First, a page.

Objectively proving brain injury is the best and quickest way to win or settle a brain injury case. However, objective evidence of brain injury is not always present on MRI or CT scan, and patient symptoms alone such as confusion and memory loss may not be sufficient evidence of injury. A new technology added to traditional MRI called “Diffusion Tensor Imaging,” or MRI/DTI, is more sensitive to injury than traditional MRI and has helped to prove traumatic brain injury.

Juries tend to be sympathetic to brain injuries that can be objectively proved. However, imaging tools such as MRI and CT scans don’t always show evidence of brain injury, causing doctors to diagnose concussions more often based on the signs and symptoms a patient demonstrates, which insurance companies can often easily disprove.

Insurance companies, attempting to disprove an injury, will assume a patient is faking injuries or has psychological problems that pre-existed the accident. Grade school records, medical records from childhood, psychological and psychiatric records, and anything else through the years that insurance companies can obtain can be brought out as defense against litigation.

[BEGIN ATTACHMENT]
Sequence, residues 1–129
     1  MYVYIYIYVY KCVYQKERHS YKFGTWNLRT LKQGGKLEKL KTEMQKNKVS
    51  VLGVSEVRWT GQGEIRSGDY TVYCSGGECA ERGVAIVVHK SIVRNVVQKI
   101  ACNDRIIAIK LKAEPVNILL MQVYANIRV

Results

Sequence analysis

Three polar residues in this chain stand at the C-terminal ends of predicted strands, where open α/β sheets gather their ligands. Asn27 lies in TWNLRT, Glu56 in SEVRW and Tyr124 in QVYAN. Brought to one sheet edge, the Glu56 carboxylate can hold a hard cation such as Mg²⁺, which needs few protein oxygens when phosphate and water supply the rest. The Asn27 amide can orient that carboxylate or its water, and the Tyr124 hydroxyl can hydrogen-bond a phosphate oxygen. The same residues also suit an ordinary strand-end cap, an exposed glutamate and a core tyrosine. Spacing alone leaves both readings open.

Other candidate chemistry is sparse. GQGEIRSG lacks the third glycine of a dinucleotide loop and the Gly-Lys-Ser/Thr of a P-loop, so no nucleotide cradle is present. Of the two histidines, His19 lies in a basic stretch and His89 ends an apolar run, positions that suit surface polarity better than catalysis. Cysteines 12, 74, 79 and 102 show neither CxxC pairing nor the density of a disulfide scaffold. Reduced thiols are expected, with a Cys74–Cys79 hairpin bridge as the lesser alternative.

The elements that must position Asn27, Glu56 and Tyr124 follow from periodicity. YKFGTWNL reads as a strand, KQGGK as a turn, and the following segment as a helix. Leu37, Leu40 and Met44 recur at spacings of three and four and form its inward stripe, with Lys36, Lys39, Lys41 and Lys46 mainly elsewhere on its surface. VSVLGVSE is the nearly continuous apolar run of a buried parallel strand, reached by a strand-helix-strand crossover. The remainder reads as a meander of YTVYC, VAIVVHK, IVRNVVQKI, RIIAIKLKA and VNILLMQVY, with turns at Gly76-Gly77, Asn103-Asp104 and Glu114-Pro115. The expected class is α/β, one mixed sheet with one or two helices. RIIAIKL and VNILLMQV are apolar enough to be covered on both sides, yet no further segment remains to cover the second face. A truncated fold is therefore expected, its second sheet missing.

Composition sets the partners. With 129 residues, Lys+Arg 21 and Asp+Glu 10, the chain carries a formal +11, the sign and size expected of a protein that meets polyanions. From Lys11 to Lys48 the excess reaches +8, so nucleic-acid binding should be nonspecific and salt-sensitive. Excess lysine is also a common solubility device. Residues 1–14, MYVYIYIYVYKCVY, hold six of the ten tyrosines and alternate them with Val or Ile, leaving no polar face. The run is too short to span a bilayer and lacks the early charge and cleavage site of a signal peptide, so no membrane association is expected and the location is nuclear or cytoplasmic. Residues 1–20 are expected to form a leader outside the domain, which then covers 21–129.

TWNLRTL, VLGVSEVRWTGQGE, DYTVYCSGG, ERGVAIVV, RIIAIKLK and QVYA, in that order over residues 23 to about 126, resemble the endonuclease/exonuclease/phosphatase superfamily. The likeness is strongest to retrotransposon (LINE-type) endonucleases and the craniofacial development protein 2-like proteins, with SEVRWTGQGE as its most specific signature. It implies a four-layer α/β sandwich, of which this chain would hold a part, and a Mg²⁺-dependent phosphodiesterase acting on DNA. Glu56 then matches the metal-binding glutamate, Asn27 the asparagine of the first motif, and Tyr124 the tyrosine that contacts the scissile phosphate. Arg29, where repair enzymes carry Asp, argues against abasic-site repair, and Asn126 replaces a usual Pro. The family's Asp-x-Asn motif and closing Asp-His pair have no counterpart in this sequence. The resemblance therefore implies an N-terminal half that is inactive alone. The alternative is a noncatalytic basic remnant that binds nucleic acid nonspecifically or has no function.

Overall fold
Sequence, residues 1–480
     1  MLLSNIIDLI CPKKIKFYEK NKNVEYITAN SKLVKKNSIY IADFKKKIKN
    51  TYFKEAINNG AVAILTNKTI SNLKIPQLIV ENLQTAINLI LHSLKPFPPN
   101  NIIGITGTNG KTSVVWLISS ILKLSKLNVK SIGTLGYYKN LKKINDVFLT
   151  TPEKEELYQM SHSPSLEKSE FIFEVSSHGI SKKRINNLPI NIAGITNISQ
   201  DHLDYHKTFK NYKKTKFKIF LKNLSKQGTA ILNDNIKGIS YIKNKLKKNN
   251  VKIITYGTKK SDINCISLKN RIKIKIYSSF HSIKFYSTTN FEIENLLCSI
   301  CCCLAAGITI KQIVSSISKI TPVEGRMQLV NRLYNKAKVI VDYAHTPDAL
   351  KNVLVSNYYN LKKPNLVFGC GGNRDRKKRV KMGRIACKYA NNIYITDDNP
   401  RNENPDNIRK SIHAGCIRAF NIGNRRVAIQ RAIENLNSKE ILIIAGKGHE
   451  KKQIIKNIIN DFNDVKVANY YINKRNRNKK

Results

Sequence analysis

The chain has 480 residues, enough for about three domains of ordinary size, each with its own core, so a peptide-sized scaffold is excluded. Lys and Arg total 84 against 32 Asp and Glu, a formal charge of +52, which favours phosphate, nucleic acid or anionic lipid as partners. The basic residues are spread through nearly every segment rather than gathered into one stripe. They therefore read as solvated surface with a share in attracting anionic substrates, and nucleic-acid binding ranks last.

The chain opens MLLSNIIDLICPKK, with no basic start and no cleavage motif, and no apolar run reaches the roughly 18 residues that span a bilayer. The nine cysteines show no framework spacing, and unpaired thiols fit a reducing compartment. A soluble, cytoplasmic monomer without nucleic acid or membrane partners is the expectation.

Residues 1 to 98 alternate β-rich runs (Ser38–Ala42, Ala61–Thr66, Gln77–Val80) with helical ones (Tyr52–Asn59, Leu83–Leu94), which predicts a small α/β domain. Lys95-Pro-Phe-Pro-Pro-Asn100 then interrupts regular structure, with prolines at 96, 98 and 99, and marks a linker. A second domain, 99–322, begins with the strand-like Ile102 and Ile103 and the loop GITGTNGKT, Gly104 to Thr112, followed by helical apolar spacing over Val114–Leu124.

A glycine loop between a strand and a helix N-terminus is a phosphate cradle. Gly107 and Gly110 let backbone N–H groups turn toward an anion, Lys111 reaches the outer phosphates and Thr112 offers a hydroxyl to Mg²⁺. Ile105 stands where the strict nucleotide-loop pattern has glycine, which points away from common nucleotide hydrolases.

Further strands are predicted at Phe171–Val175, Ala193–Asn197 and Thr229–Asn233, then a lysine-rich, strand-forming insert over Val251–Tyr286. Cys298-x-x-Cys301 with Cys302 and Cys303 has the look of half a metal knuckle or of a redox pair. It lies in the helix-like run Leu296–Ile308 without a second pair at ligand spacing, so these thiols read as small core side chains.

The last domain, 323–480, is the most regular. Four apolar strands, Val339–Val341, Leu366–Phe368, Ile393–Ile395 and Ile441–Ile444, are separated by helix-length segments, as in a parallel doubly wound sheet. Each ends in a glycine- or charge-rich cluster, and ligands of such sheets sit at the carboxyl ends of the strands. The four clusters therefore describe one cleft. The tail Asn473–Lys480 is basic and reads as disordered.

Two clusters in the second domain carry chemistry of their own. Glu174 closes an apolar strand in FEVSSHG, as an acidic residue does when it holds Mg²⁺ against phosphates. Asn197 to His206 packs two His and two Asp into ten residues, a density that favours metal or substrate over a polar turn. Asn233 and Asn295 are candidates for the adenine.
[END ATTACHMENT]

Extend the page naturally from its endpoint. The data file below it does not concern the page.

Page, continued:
DTI Provides Better Evidence of TBI

DTI (Diffusion Tensor Imaging) is giving doctors objective evidence missing with traditional MRI. Invented 20 years ago, DTI is an imaging method that grew out of and is part of MRI. It is performed on a normal MRI machine with special “Diffusion Tensor Imaging” software that records damage in the white matter tracts inside the brain. White matter, like telegraph wires, connects different lobes of the brain. When white matter is injured, communication between areas of the brain it connects is decreased.

MRI/DTI tracks movement of water molecules within white matter fibers, and can detect interference with that movement. DTI can show injury to the white matter of the brain which cannot be seen on MRI, CT scan, PET scan, or SPECT, and can provide objective evidence of continued cognitive decline associated with confusion and memory loss.

A radiologist reading an MRI/DTI will perform a differential diagnosis to rule out other possible causes of an abnormality seen on DTI, such as an old stroke, a prior TBI, a prior brain surgery, prior infectious process such as encephalopathy, or history of MS. Other possible causes of abnormality on DTI could be a congenital process or degeneration due to advanced age of the patient. In those cases, DTI evidence would be seen on both sides of the brain, and not on just one side where the injury occurred. Once other possible causes of cognitive decline can be ruled out, a definitive diagnosis of TBI can be achieved.

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